She married your son. Not the whole family. It’s perfectly natural to only way so much of you.

She is now more of a priority to him. He to probably wants to spend uninterrupted time with just her and their child.

How you feel for her seeps through here. I really feel bad for the poor woman who had to deal with that for a week in her own home.

grannyactivist Sun 29-Dec-19 20:44:06

Annali - I'm so glad that you've stepped back and reassessed the situation and are aware of the changes you can make to improve things.

On another note - when you describe your daughter-in-law's background, that could have been me. I had a fairly dysfunctional childhood, left school at fifteen, married (at sixteen), had three children, divorced - then I married my current husband when he was 23 and I was just shy of 33! He was from a close, university educated, middle class family and his parents were (understandably in my view) horrified at what he was taking on. They expressed their concern, but eventually told us they trusted that their son knew what he was doing and so were committed to supporting us in the decision we took to get married. I cannot say how much that meant to me, to know that even though they didn't like the situation they would back us. That was thirty three years ago and for many, many years now my mother-in-law has been my very dear friend and is truly a mother to me.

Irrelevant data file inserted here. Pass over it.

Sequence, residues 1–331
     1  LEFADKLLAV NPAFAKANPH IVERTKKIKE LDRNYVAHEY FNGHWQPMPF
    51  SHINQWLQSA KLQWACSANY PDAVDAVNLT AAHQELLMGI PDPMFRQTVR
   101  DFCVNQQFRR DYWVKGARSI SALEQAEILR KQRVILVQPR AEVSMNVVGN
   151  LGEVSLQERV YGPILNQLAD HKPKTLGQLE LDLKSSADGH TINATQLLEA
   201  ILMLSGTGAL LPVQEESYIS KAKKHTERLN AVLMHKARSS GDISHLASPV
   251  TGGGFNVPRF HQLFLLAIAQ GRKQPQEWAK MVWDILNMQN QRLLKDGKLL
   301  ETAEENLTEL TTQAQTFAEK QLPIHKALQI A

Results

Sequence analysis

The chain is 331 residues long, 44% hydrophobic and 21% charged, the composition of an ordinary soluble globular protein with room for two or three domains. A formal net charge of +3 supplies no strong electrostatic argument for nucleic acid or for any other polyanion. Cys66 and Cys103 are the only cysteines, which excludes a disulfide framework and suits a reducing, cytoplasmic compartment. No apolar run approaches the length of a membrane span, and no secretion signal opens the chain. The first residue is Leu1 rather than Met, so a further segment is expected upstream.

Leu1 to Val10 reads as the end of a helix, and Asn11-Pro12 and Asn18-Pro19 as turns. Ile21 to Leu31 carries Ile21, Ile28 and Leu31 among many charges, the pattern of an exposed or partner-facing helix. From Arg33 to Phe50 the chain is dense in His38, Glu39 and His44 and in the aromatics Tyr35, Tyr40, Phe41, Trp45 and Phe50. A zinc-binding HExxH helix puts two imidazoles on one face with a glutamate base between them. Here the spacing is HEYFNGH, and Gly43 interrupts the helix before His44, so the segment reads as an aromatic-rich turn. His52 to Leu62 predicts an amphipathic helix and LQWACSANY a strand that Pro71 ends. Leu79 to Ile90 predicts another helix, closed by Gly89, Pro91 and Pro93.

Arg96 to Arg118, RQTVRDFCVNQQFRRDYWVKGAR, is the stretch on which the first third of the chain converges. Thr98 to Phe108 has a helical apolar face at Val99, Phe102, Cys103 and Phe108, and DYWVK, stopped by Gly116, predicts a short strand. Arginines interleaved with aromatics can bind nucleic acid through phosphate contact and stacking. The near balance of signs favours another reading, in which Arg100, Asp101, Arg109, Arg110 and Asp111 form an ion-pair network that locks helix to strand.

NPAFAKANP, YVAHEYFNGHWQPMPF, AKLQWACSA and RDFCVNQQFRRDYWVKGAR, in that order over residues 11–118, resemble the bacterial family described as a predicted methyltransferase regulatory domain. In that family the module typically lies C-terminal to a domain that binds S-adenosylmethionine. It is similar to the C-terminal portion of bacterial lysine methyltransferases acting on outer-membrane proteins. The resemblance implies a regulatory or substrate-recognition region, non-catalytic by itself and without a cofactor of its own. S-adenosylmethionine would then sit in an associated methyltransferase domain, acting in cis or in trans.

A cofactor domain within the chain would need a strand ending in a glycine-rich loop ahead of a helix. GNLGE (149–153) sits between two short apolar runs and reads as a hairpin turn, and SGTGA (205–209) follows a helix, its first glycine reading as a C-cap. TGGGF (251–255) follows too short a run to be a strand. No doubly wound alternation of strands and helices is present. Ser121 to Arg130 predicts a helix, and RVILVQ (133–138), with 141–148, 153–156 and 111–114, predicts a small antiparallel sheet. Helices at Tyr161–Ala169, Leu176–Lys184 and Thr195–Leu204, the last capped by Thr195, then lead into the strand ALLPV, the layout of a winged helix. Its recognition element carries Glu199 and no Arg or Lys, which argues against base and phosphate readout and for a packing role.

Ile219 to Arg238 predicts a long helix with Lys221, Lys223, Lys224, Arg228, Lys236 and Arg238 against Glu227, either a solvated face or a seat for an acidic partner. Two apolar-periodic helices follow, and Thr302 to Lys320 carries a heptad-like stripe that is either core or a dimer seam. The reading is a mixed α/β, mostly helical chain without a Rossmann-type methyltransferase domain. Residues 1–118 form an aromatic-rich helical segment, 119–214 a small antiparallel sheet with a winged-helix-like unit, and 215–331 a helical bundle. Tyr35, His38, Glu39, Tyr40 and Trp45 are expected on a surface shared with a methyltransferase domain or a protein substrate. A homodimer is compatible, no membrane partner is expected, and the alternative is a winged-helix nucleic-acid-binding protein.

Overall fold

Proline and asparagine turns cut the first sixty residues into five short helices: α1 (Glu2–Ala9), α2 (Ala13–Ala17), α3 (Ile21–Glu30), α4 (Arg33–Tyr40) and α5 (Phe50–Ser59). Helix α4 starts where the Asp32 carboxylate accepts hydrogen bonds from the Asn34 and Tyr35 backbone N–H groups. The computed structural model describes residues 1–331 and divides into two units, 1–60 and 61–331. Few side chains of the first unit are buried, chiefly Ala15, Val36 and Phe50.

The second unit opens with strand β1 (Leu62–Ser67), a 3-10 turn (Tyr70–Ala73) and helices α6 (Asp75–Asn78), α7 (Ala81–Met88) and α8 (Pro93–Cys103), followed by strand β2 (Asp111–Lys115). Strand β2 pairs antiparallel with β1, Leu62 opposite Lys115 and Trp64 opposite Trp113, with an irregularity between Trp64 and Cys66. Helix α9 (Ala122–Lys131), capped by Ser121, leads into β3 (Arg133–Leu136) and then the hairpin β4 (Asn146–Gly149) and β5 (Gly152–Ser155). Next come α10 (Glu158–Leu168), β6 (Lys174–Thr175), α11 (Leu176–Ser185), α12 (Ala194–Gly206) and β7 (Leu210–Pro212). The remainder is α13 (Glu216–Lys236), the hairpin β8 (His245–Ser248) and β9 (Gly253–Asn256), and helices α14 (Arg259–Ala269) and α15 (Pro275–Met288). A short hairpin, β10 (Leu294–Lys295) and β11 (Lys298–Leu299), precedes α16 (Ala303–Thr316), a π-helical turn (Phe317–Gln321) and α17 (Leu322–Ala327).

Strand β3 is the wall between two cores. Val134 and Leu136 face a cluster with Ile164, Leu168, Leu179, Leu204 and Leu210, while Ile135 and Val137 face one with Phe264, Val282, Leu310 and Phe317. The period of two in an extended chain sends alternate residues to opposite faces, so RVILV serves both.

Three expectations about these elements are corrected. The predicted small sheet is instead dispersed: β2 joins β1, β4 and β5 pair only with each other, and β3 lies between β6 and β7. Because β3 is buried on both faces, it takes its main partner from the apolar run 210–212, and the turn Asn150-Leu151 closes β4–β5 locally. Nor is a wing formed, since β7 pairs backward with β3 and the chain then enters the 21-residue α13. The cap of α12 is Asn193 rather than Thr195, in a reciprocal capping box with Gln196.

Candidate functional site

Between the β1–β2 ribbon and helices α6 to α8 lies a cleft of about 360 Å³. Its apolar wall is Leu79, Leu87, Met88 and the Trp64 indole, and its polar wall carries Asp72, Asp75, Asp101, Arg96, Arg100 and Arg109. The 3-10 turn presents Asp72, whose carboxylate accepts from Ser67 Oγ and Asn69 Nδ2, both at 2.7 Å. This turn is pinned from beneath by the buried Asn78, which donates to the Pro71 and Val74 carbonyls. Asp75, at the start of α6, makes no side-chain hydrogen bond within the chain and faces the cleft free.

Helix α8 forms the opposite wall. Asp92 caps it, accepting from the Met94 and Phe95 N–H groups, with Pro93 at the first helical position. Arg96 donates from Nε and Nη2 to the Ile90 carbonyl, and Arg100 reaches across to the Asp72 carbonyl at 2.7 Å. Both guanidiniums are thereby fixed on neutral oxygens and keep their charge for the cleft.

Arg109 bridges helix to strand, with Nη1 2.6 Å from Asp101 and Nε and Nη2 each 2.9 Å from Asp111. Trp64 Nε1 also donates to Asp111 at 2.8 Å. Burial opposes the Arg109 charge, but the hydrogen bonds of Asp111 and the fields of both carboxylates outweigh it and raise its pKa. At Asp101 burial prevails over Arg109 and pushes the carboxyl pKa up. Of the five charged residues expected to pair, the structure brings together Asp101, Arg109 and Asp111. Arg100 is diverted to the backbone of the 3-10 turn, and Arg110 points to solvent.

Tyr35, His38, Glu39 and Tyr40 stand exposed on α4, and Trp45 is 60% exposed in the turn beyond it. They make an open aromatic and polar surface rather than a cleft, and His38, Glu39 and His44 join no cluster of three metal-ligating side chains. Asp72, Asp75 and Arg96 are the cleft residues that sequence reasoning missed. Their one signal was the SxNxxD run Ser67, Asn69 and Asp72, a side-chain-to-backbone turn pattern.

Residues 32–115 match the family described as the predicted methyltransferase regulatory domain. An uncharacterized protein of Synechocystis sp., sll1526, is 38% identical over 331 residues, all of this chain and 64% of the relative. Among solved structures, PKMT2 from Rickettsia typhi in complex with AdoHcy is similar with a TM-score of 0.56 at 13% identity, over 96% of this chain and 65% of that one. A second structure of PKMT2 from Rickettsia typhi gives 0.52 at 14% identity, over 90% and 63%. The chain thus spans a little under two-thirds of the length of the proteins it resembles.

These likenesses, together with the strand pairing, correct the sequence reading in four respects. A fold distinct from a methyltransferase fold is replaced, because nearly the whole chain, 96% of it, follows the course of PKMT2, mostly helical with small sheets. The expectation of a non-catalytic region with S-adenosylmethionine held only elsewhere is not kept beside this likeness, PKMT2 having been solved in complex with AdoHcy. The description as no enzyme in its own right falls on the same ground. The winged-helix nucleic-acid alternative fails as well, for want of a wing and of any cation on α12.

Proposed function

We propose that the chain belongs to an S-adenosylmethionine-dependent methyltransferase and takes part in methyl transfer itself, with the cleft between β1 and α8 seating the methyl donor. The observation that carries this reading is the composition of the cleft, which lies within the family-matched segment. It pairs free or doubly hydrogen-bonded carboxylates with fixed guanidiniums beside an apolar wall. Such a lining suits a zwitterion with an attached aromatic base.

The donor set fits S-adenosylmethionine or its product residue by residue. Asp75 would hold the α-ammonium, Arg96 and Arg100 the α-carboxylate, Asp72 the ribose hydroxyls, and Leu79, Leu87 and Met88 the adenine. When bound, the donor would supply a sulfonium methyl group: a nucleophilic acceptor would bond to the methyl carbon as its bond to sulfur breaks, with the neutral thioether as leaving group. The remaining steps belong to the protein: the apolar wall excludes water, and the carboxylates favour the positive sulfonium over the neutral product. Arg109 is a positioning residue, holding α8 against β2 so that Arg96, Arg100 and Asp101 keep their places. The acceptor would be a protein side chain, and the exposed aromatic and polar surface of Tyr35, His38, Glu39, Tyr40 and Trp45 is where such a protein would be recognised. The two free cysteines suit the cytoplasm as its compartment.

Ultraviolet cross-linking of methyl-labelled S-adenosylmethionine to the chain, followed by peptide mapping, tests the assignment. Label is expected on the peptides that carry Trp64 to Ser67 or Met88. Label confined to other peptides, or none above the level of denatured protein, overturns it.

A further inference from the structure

My mother-in-law did it and I am sure you too can learn to love your son's wife, and in understanding her background you are already halfway to viewing her situation with compassion.

Grammaretto Sun 29-Dec-19 20:55:36

Wow grannyactivist that's a wonderful story.